The Prime Minister has made the nation aware of their health, but like New Year resolutions and one night stands – this awareness will disappear the next day… melted into the woks, pots and lard of the next meal time feast.
We need an inspiration, and this doesn’t require anything more than a trip to the hospital.
Just take a walk through the wards, see the tubes, the drips, the needles. Smell the disinfectant. Hear the moans, the sobs, the beeps and buzzes that cry for help, hear the artificial lung pump to preserve a life. The Cantonese say “One does not fear death if one hasn’t seen his coffin”, go to the hospital and watch how pain is embodied.
It’s not just diabetes, but total health. We’re allowed to indulge in greed and sloth because we work so hard. But stuffing our faces with so much rich food is not sustainable, there is consequence to be paid.
And you don’t pay alone, your whole family pays with you the price of money, time and tears.
Perhaps you may not fear death, but what if this death comes over a prolonged period of 6 months? What if you don’t die, but your limbs cannot move and you depend entirely on the charity of your family for every day needs? What if you don’t have a family? What if you get a disease that requires you to pay through the nose in terms of medical consumables, 24-hour care, extensive tests? And what if the government tells your carer that he fails means testing because he has an income?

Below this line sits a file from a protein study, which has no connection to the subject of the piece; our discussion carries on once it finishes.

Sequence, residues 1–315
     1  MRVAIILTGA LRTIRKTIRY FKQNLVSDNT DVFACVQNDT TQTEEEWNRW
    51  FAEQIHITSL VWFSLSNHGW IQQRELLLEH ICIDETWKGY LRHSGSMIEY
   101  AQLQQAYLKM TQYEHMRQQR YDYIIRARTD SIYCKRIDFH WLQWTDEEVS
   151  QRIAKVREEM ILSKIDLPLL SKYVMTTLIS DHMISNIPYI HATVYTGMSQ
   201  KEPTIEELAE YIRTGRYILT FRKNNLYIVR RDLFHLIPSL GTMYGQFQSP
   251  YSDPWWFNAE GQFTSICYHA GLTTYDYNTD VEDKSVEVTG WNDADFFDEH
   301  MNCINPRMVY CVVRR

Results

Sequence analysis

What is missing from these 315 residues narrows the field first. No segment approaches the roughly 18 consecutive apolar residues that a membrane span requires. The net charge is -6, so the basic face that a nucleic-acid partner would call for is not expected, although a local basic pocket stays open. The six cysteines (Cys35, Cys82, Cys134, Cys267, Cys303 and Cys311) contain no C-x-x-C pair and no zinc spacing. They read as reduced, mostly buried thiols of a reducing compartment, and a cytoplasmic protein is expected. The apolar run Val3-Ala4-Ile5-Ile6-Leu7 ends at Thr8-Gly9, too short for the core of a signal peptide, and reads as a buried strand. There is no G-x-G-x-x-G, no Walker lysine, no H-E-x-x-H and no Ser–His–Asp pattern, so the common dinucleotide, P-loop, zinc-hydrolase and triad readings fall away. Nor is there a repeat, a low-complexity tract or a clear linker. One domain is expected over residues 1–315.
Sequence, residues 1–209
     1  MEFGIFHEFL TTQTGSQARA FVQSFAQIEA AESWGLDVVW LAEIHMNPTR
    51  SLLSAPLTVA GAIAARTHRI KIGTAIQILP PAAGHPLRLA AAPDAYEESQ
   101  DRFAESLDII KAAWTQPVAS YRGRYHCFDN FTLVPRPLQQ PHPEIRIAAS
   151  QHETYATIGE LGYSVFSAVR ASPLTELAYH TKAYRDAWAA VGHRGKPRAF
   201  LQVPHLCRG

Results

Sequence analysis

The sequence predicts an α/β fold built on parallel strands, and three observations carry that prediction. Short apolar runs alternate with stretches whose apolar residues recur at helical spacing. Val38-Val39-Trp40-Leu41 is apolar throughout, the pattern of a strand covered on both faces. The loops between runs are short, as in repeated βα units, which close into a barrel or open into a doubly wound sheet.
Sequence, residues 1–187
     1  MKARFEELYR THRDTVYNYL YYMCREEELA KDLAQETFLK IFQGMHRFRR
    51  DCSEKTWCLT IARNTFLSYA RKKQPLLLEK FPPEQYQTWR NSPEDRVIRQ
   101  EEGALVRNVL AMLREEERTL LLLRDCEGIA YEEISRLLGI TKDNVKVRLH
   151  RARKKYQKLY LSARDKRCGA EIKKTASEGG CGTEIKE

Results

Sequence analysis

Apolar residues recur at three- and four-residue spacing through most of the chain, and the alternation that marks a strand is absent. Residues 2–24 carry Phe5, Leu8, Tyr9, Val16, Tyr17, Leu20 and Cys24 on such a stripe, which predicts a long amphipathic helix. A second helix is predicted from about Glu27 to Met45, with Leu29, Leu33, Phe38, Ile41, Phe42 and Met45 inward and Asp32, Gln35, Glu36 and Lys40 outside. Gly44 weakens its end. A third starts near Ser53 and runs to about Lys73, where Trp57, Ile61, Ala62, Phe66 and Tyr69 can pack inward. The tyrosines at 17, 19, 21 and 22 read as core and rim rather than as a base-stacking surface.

What if you find yourself a burden on the very person that cares for you? And that person cannot live his life the way he wants to…has to give up opportunities and has to find means and ways to that he can provide for you? What if this person can feel the burden, but is not allowed to complain about it because this is morally, ethically and spiritually wrong – but just has to swallow it all and trudge on day after day? Imagine this not for just one year, or two…but over 20 years and will continue on and on until the day you die?
We know that birth, sickness, pain and death are all written in the book of life – but at the very least I think we must fight as far and as hard as we can. It is a responsibility, not just to ourselves – but to the people around us. I can certainly understand the feelings behind each report of a suicide/murder involving a parent and a child or a maid.
Remember: your family will necessarily have to help you. Nursing homes, elder daycare and hourly help are at maximum capacity and prohibitively expensive. If you can, perhaps you can employ a helper… but you have to know how to manage a helper or your troubles can be trebled. If you think that childcare is difficult, wait till you experience eldercare.
Although it is appointed unto men once to die, we can help the people around us by dying as fuss-free as possible.
How about that? Is that enough to motivate you?